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Open Access Research article

The anti-CD74 humanized monoclonal antibody, milatuzumab, which targets the invariant chain of MHC II complexes, alters B-cell proliferation, migration, and adhesion molecule expression

Daniela Frölich12, Daniela Blaβfeld12, Karin Reiter12, Claudia Giesecke12, Capucine Daridon12, Henrik E Mei12, Gerd R Burmester12, David M Goldenberg3, Abdulagabar Salama4 and Thomas Dörner12*

Author Affiliations

1 CC12 Department of Medicine, Rheumatology and Clinical Immunology, Charité - University Medicine Berlin, Chariteplatz 1, Berlin 10117, Germany

2 Deutsches Rheumaforschungszentrum (DRFZ), Charité - University Medicine Berlin, Chariteplatz 1, Berlin 10117, Germany

3 Immunomedics, Inc., and Center for Molecular Medicine and Immunology, 300 The American Road, Morris Plains, NJ 07950, USA

4 CC14 Institute of Transfusion Medicine, Charité - University Medicine Berlin, Chariteplatz 1, Berlin 10117, Germany

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Arthritis Research & Therapy 2012, 14:R54  doi:10.1186/ar3767

Published: 9 March 2012

Abstract

Introduction

Targeting CD74 as the invariant chain of major histocompatibility complexes (MHC) became possible by the availability of a specific humanized monoclonal antibody, milatuzumab, which is under investigation in patients with hematological neoplasms. CD74 has been reported to regulate chemo-attractant migration of macrophages and dendritic cells, while the role of CD74 on peripheral naïve and memory B cells also expressing CD74 remains unknown. Therefore, the current study addressed the influence of milatuzumab on B-cell proliferation, chemo-attractant migration, and adhesion molecule expression.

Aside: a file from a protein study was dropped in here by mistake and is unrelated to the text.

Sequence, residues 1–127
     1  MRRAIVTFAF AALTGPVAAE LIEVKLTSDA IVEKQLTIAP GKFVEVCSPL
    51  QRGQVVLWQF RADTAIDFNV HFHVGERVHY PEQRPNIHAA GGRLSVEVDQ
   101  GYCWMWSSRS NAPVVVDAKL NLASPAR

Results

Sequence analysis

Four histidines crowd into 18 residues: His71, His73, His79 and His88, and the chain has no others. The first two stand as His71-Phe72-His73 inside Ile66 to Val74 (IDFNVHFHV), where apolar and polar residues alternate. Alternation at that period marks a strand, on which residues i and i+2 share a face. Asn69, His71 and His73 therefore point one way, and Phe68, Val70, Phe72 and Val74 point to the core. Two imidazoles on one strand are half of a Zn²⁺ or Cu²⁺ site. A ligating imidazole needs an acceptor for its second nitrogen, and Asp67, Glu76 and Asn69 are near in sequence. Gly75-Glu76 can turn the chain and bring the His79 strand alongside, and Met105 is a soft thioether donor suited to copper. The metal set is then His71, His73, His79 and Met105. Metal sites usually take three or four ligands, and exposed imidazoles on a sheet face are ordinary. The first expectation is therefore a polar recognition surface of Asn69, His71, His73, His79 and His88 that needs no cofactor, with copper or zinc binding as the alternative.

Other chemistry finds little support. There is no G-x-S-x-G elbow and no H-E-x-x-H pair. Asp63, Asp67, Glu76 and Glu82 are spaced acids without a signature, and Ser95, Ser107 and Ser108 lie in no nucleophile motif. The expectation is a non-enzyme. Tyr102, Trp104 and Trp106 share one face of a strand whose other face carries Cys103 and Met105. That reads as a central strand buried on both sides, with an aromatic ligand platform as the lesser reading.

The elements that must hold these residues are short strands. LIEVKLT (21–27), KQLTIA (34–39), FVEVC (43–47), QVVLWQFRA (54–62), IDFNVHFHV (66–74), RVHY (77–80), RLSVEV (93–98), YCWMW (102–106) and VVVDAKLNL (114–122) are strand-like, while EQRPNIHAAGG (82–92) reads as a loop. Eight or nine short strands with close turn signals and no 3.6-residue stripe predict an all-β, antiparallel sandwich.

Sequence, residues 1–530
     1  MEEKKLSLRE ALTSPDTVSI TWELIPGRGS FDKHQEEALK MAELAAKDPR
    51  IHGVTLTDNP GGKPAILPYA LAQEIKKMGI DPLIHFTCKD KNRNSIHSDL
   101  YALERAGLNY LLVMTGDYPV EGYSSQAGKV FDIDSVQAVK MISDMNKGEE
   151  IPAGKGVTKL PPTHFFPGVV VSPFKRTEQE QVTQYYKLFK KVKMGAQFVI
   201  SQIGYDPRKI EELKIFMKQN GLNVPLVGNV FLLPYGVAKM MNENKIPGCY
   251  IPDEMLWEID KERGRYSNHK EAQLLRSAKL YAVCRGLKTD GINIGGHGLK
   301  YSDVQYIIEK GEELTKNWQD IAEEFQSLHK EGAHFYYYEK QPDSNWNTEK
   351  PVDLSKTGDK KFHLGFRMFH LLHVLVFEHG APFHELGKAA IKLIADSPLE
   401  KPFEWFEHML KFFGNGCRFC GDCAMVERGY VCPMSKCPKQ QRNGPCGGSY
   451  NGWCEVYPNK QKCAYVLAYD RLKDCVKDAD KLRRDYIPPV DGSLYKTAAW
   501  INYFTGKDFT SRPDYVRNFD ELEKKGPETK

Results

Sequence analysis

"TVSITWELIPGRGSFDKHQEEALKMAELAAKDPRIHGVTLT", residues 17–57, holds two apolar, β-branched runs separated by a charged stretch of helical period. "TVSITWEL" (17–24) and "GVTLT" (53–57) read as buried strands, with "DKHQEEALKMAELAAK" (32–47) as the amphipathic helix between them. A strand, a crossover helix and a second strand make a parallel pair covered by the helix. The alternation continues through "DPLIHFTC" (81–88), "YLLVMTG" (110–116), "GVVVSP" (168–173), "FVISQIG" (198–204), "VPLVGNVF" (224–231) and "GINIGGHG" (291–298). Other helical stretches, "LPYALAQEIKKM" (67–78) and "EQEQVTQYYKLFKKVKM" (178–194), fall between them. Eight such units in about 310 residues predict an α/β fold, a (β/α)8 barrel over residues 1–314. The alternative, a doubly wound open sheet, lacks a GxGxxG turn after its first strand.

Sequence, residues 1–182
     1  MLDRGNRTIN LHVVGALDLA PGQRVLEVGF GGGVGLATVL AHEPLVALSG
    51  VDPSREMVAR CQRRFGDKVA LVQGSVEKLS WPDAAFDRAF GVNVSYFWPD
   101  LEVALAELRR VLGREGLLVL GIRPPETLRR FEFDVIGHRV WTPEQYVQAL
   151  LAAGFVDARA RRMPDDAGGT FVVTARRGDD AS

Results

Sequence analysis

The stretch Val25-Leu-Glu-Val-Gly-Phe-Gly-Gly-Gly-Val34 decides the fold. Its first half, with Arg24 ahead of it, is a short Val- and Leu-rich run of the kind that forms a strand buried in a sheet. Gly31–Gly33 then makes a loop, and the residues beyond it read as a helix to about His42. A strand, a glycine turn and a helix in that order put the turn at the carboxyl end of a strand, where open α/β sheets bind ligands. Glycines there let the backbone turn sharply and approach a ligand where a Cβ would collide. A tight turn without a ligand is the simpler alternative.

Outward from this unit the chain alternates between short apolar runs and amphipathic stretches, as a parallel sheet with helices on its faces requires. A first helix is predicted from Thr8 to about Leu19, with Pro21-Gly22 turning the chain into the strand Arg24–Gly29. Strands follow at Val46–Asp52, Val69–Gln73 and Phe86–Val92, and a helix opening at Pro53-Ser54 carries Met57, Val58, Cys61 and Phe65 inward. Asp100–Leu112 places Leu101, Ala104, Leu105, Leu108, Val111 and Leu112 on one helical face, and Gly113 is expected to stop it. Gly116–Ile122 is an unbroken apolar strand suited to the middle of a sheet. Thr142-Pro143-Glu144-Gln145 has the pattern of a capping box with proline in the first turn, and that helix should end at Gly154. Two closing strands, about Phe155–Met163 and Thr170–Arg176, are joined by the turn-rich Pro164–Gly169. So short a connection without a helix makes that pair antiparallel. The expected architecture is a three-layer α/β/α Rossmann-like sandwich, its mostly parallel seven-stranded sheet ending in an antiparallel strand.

Methods

Surface expression of CD74 on CD27- naïve and CD27+ memory B cells as well as other peripheral blood mononuclear cells (PBMCs) obtained from normals, including the co-expression of CD44, CXCR4, and the adhesion molecules CD62L, β7-integrin, β1-integrin and CD9 were studied after binding of milatuzumab using multicolor flow cytometry. The influence of the antibody on B-cell proliferation and migration was analyzed in vitro in detail.

Results

In addition to monocytes, milatuzumab also specifically bound to human peripheral B cells, with a higher intensity on CD27+ memory versus CD27- naïve B cells. The antibody reduced B-cell proliferation significantly but moderately, induced enhanced spontaneous and CXCL12-dependent migration together with changes in the expression of adhesion molecules, CD44, β7-integrin and CD62L, mainly of CD27- naïve B cells. This was independent of macrophage migration-inhibitory factor as a ligand of CD74/CD44 complexes.

Conclusions

Milatuzumab leads to modestly reduced proliferation, alterations in migration, and adhesion molecule expression preferentially of CD27- naïve B cells. It thus may be a candidate antibody for the autoimmune disease therapy by modifying B cell functions.